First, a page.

Perkins passed out several children's books for class participants to examine. She called Families are Different a "wonderful book" for kindergarten and first graders. However, "It does not show gay and lesbian families, so what I'll do is, I'll read the kids the book, then ask them if there are any kinds of families that are not represented. I actually have kids who have lesbian parents who do not say that their family wasn't represented, which is troubling to me. I question, are they getting the idea that I'm asking, or are they ashamed or are they uncomfortable? So then I'll sit and talk about families with two moms and two dads."
Good books for introducing the concept of "allies" include Oliver Button is a Sissy for first graders and Teammates, a story about African American baseball player Jackie Robinson, for third graders.
"When a child is being laughed at," said Perkins, "it's important to stop the class and say, 'Is there anybody who's going to be this child's ally? Something is going on; someone needs help. Who is going to show their support by being an ally?'
"I've had a whole class practically dissolve in laughter in front of me because I used the word 'gay'. And when that happens you have a choice: Should you stop or should you just go on and ignore the issues or stop and discuss it? And I stop and discuss it and ask them why they're laughing. And they'll really try to avoid the subject, but then usually someone will spill the beans, and then I'll go into the definition, and why it's hurtful to laugh about it."
Another resource Perkins recommends for first graders is Zinnia and Dot, a "conflict resolution" story about two mother hens who fight over a single egg after a weasel steals the others in their nests. When the chick hatches, the hens realize that it does not matter who originally laid the egg. The story reads, "Never before was a baby chick so loved, growing up with not one, but two mother hens." When Perkins finishes reading the story, she asks children, "Does this look like a happy family?" When the kids answer "Yes," Perkins explains, "This story is about a hen family, but in some human families there are two moms or two dads."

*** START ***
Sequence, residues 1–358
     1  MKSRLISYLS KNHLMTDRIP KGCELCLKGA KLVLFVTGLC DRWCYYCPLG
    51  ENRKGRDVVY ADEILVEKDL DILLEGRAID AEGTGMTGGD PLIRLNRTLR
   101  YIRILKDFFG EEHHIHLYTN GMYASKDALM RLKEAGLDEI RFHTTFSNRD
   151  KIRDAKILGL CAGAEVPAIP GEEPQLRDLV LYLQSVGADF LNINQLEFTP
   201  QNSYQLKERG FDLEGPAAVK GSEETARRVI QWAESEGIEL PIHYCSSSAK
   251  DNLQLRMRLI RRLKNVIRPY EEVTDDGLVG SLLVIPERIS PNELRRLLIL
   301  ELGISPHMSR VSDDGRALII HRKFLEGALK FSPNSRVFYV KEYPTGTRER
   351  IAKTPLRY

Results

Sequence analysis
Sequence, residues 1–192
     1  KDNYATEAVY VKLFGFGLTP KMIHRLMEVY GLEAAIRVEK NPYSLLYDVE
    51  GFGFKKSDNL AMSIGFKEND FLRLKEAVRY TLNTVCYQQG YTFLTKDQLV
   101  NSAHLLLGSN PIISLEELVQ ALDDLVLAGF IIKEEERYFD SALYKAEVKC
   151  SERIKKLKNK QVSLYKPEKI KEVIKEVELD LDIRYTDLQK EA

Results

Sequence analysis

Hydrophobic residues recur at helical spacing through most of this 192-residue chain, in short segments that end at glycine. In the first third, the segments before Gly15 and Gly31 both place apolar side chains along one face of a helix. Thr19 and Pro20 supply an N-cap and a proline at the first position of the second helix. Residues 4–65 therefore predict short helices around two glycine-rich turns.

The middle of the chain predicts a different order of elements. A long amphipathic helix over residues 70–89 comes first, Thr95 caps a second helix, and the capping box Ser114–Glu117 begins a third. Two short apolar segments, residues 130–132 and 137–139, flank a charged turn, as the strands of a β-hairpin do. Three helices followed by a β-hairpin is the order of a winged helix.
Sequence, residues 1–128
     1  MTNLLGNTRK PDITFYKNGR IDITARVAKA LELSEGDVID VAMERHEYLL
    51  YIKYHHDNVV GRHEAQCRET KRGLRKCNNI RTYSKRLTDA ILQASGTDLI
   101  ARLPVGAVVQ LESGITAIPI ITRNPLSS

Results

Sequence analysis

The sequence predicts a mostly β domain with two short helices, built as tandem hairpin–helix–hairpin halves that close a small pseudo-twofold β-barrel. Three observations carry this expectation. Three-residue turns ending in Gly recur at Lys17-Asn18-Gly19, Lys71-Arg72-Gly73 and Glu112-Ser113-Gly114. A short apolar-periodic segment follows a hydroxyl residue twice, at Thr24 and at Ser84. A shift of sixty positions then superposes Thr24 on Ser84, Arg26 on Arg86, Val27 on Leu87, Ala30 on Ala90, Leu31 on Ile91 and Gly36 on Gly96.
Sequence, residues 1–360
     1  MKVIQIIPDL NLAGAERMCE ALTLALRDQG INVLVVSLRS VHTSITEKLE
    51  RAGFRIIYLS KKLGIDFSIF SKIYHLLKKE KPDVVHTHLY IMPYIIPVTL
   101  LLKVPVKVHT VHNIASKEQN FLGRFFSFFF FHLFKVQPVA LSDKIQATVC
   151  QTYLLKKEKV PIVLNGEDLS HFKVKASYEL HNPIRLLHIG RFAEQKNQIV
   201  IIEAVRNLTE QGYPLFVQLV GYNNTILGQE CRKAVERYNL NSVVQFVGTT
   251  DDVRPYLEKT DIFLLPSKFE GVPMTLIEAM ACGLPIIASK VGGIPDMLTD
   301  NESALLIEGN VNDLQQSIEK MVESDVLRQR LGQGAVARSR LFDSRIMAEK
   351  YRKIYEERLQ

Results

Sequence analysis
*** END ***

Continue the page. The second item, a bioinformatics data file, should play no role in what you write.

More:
Perkins admitted that My Two Uncles, the story of a girl who does not understand the conflict her grandfather has with his gay son (the girl's uncle) and his male sex partner, may be too sophisticated for first and second graders because of its explicit definitions of "gay" and "lesbian," but "I have great discussions in third grade with kids about it." She noted that one of her former principals asked her not to use the book because of parents' negative reactions.
Chicken Sunday, for grades 3 through 5, talks about the Holocaust and shows a drawing of a man with a concentration camp tattoo on his arm. Perkins said she uses the story to talk to children about groups of people who were persecuted in Germany during World War II, "and that one of the groups was gays and lesbians, and I'll define it for them, and [talk] about how it seems like all that persecution was about fear of differences and about not understanding people who are different, and that is one of the reasons we are emphasizing understanding differences."
Perkins, who identified herself as "straight" during the session, concluded, "I think it's more the parents who should go to a psychiatrist to become comfortable with who their child is."